I don’t feel a strong desire or obligation to affirm my unity in Christ with someone who holds to that kind of perspective. Whether his personal faith is genuinely Christian is not something I am going to judge. But when it comes to theology, the view he expressed is well beyond the borders of acceptable doctrine.
But it is different for me with other folks whose views I disagree with regarding homosexuality. I have engaged in public debates on several occasions in Presbyterian contexts with a good friend with whom I disagree about both same-sex ordination and marriage. But if I ask her how she interprets Romans 1, she immediately says, “OK, Richard, let’s look at the text.” She carefully goes through the chapter offering her interpretation of Paul’s intent at each point. I read that text quite differently, but our arguments take place under the authority of Word. I believe her when she insists that she wants to honor biblical teaching. And I know that she is firm in her affirmation of the Trinity, the full divinity of Christ, the substitutionary atonement, and so on. I argue with her about same-sex topics while also affirming the deeper unity that we have in Jesus Christ.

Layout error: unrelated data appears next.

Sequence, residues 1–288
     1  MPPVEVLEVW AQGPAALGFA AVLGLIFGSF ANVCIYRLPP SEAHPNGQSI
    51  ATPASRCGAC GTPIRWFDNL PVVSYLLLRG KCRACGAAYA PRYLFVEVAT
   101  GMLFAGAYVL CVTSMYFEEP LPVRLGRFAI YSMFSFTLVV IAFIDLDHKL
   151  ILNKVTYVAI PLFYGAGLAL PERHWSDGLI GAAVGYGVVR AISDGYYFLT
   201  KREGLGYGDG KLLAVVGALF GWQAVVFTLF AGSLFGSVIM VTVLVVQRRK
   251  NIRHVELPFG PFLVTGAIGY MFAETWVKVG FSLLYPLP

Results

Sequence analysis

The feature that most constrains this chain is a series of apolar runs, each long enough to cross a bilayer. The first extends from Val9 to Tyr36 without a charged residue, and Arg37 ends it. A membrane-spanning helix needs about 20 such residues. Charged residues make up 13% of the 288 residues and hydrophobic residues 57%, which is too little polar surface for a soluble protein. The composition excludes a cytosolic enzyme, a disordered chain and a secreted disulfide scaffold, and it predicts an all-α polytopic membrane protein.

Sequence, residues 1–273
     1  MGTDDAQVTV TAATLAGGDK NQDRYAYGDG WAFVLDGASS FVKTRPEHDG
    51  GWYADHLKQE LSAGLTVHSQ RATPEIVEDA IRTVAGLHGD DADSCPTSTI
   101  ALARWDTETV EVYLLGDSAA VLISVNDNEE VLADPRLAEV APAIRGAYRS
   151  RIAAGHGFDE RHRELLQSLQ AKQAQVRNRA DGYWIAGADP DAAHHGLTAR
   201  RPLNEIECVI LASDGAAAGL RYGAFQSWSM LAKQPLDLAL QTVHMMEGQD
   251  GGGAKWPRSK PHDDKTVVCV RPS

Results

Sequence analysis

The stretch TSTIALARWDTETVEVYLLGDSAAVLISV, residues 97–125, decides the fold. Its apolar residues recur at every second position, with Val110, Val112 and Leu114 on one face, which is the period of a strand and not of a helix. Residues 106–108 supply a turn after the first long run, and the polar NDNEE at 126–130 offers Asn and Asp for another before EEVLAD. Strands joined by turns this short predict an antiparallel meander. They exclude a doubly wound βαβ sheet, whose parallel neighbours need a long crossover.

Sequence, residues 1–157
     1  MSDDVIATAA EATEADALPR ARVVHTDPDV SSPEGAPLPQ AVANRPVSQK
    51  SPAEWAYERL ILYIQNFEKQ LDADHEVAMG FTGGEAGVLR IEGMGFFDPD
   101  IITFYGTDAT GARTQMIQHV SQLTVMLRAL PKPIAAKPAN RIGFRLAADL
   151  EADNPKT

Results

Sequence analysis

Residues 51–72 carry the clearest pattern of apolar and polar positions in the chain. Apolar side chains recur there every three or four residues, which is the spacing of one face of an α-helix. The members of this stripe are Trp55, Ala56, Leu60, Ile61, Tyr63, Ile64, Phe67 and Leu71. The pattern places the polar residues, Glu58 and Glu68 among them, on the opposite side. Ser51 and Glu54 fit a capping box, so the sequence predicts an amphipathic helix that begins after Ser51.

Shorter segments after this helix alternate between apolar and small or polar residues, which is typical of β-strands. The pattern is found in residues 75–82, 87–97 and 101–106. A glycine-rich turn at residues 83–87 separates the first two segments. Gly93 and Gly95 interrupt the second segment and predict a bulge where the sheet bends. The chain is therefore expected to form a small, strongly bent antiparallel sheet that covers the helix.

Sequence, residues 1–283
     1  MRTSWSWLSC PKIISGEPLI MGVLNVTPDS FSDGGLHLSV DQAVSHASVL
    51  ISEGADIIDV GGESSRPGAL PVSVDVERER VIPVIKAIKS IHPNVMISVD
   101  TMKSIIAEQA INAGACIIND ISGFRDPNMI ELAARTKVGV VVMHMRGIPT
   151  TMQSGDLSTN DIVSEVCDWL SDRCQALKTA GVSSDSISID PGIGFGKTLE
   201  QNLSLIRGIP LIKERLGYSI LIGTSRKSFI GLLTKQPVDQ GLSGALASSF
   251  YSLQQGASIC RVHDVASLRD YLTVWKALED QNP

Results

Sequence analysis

So does that mean we have to stick together denominationally when it comes to decisions about what practices—ordination, performing ceremonies—we are going endorse? I don’t have easy answers on that. But I do know that splitting denominations over theological questions—even very serious ones—is not without its dangers. In the early decades of the twentieth century, for example, J. Gresham Machen, who had served as a brilliant theologian at Princeton Theological Seminary, led a group of orthodox Calvinists out of the mainstream Presbyterian denomination to form the Orthodox Presbyterian Church and Westminster Theological Seminary. I am a theological admirer of Machen. I agree with much of what he stood for theologically and have been significantly influenced by his writings. But I also worry much about what happened after his group departed from the larger denomination. Machen’s movement very soon experienced several “splits” within its own ranks.